Large-cap growth: 4 favorite Fidelity funds
Companies with a proven ability to grow earnings should be attracting more interest, a fund specialist says.
It’s been 11.5 years since growth stock values topped out in a speculative frenzy. Most of today’s large-cap growth stocks are now at the opposite end of the valuation spectrum. Investor pessimism, along with big earnings gains, has made them cheap.
Today it is easy to find good growth stocks with P/E ratios at a fraction of their projected earnings growth rate. Some of them even sell at below-market multiples.
That might make sense if revenue growth were vanishing everywhere, but that’s not the case. Many large-cap growth stocks are expected to rack up robust five-year sales growth, even as other firms continue to focus mainly on cost-cutting activity to boost earnings.
Companies with a proven ability to grow earnings should be attracting more interest, especially in today’s environment.
Many investors are so preoccupied with managing risk that the differences between stocks or stock groups are not even being considered. In effect, the market is throwing out the baby with the bath water.
That attitude can’t last. Fear and emotions can rule the market in the short run, but in the long run the only thing that matters is earnings.
And that’s why we think today’s large-cap growth stocks represent an attractive long-term opportunity. Here's as some of our favorites, listed them in increasing order of risk:
Fidelity Contrafund (FCNTX) is unique for two reasons. First, legendary manager Will Danoff has been at the helm for 21 years, and is ahead of 97% of his peers over the last decade (6/30 Lipper data).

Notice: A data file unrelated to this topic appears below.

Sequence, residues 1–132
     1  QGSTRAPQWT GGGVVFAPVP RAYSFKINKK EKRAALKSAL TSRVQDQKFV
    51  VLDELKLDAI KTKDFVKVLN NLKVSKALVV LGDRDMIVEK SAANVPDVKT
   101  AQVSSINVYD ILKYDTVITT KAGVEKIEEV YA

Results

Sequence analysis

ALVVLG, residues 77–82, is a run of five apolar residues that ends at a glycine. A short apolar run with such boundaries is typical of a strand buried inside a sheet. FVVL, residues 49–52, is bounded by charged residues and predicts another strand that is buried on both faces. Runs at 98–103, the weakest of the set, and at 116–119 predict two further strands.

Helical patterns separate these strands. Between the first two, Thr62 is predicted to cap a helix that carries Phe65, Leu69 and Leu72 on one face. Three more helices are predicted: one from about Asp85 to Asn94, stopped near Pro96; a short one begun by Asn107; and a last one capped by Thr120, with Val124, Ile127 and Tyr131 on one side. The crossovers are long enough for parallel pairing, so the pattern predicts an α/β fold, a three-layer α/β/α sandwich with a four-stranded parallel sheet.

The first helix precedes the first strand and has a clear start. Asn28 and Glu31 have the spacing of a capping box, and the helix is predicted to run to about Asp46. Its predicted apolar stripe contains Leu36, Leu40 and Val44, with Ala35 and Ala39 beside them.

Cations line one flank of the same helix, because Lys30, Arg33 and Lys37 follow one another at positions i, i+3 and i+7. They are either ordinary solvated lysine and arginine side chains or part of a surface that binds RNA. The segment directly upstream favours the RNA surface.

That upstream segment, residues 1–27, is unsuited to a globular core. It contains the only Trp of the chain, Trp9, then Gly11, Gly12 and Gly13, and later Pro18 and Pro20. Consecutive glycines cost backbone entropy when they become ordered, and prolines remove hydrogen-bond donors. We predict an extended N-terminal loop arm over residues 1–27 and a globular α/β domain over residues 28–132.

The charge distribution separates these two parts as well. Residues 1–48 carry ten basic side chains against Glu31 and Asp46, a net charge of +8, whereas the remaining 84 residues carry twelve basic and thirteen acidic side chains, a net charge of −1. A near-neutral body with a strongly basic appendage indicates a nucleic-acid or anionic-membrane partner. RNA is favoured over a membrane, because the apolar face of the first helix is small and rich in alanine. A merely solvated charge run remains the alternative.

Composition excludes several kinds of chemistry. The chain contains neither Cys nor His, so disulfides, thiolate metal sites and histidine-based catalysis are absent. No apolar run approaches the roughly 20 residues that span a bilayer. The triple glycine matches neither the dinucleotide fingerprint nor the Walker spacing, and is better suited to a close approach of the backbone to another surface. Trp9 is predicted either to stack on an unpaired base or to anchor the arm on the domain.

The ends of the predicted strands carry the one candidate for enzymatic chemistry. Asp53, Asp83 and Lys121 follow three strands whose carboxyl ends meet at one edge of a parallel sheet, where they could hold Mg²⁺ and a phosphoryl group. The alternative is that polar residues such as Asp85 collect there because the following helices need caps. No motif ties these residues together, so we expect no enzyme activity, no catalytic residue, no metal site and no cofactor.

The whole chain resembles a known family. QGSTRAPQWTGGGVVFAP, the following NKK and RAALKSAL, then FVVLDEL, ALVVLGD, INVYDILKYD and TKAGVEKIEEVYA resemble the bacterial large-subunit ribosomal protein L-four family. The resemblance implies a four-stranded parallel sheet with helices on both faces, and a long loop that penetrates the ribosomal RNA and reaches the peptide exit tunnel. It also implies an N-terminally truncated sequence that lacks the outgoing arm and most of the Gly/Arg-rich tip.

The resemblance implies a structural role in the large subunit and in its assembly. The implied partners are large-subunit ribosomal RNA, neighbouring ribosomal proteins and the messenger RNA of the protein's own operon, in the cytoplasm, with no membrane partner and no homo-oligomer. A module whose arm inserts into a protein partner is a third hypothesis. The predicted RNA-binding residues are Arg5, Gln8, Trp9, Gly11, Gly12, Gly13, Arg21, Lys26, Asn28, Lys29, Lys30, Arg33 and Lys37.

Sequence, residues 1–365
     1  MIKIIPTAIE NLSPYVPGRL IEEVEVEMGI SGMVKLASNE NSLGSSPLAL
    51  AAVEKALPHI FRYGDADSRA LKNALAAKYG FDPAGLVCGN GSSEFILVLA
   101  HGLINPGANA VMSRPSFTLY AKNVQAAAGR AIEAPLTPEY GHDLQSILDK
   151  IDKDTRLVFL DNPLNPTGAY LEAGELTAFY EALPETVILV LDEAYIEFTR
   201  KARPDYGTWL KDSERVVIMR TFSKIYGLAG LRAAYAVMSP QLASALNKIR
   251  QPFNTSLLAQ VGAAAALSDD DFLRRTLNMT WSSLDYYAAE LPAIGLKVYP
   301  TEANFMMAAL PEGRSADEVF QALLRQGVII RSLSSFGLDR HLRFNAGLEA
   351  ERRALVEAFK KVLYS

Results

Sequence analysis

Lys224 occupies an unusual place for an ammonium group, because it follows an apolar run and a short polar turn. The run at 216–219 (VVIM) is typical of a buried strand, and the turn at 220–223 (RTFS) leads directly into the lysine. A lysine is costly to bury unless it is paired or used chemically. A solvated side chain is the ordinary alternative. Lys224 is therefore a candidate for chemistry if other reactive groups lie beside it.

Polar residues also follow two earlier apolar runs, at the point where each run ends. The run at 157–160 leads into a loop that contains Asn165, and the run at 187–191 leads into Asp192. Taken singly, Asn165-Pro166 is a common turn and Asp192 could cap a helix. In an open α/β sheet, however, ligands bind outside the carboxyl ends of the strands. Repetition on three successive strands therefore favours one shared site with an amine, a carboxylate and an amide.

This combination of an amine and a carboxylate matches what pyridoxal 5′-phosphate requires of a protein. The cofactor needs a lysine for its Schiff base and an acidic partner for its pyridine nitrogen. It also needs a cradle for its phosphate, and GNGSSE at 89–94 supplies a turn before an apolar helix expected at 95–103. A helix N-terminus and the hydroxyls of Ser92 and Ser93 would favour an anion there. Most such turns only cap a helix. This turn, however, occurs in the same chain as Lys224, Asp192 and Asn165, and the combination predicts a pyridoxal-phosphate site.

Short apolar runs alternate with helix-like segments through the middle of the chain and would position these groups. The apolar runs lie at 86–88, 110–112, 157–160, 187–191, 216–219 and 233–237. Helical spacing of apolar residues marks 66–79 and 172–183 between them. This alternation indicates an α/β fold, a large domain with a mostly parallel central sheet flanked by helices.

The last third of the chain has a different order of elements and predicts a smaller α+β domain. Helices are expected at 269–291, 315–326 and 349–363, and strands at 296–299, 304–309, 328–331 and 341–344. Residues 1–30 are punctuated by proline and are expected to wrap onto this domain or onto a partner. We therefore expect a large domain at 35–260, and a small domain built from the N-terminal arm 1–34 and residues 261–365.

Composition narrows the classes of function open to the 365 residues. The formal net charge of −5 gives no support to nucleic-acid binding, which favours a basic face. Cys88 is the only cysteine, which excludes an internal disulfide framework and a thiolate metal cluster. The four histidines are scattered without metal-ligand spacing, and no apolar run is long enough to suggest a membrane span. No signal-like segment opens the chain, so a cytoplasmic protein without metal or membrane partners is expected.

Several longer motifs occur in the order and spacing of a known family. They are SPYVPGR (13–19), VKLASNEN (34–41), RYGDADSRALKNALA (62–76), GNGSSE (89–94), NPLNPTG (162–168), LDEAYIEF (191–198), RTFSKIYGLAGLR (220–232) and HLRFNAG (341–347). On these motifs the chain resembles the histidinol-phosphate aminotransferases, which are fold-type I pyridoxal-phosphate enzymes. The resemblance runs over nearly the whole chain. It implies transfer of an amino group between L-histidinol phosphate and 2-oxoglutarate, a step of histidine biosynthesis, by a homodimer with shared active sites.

Second, the fund’s volatility has been running 12% below that of the S&P 500. Contrafund is overweighted in technology (30% of assets) and consumer discretionary (18%), but is underweighted in most other places.
Its foreign position has declined to 18% of holdings. Danoff’s cash and gold position – presently about 10% of holdings – has helped performance this year, and is one of the reasons for the fund’s low risk score (0.88).
But it could become a drag going forward. All things considered, this fund is a great long-term choice for those who want to minimize volatility without giving much up.
At Fidelity Focused Stock (FTQGX), Stephen DuFour runs a concentrated portfolio with only 47 stocks in total, and his top 10 holdings account for 39% of assets.
Yet surprisingly, he manages to keep volatility low, thanks to quantitative techniques and a diversified mix of industry groups.
The fund’s small size makes it possible to move quickly when opportunities arise, and the turnover data (292% as of 4/11) implies that DuFour is taking full advantage of that ability.
Having run the fund for 5.5 years, he has beaten about 90% of his peers for the five years ending 6/30 (Lipper data).
This year’s performance has been helped by an overweighted position in health care along with an underweighted position in financial services.
We think Focused Stock is a great choice for aggressive investors, but keep in mind the good times may not last if the fund becomes too popular.
Sonu Kalra has only managed Fidelity Blue Chip Growth (FBGRX) since July 2009, but we like what we see so far. Top industry groups are technology (33% of assets), consumer discretionary (18%) and health care (11%).
Overall risk is about 10% greater than the S&P 500. The fund’s foreign weighting is 11%. We like the fund’s mainstream approach to growth.
It’s broad enough that Fidelity’s advantage in research can really shine, but not so much that performance is diluted by slow growing companies. An excellent choice for long-term investors.
Jason Weiner will log 5 years at Fidelity Growth Discovery (FDSVX) as of next February, and has already pushed the fund ahead of 88% of its peers on a 5-year basis (Lipper, 6/30 data).
This year Weiner has moved the fund into a more aggressive stance and the fund is holding up well this year.
Unlike some peers with large stakes in health care and consumer staples, this fund has only 11% in those defensive groups. Instead, Weiner has placed an outsized bet on industrial stocks (18%).
This positioning makes the fund a solid choice for the growing competitiveness of U.S. exporters. Overall risk is about 10% greater than the S&P 500.
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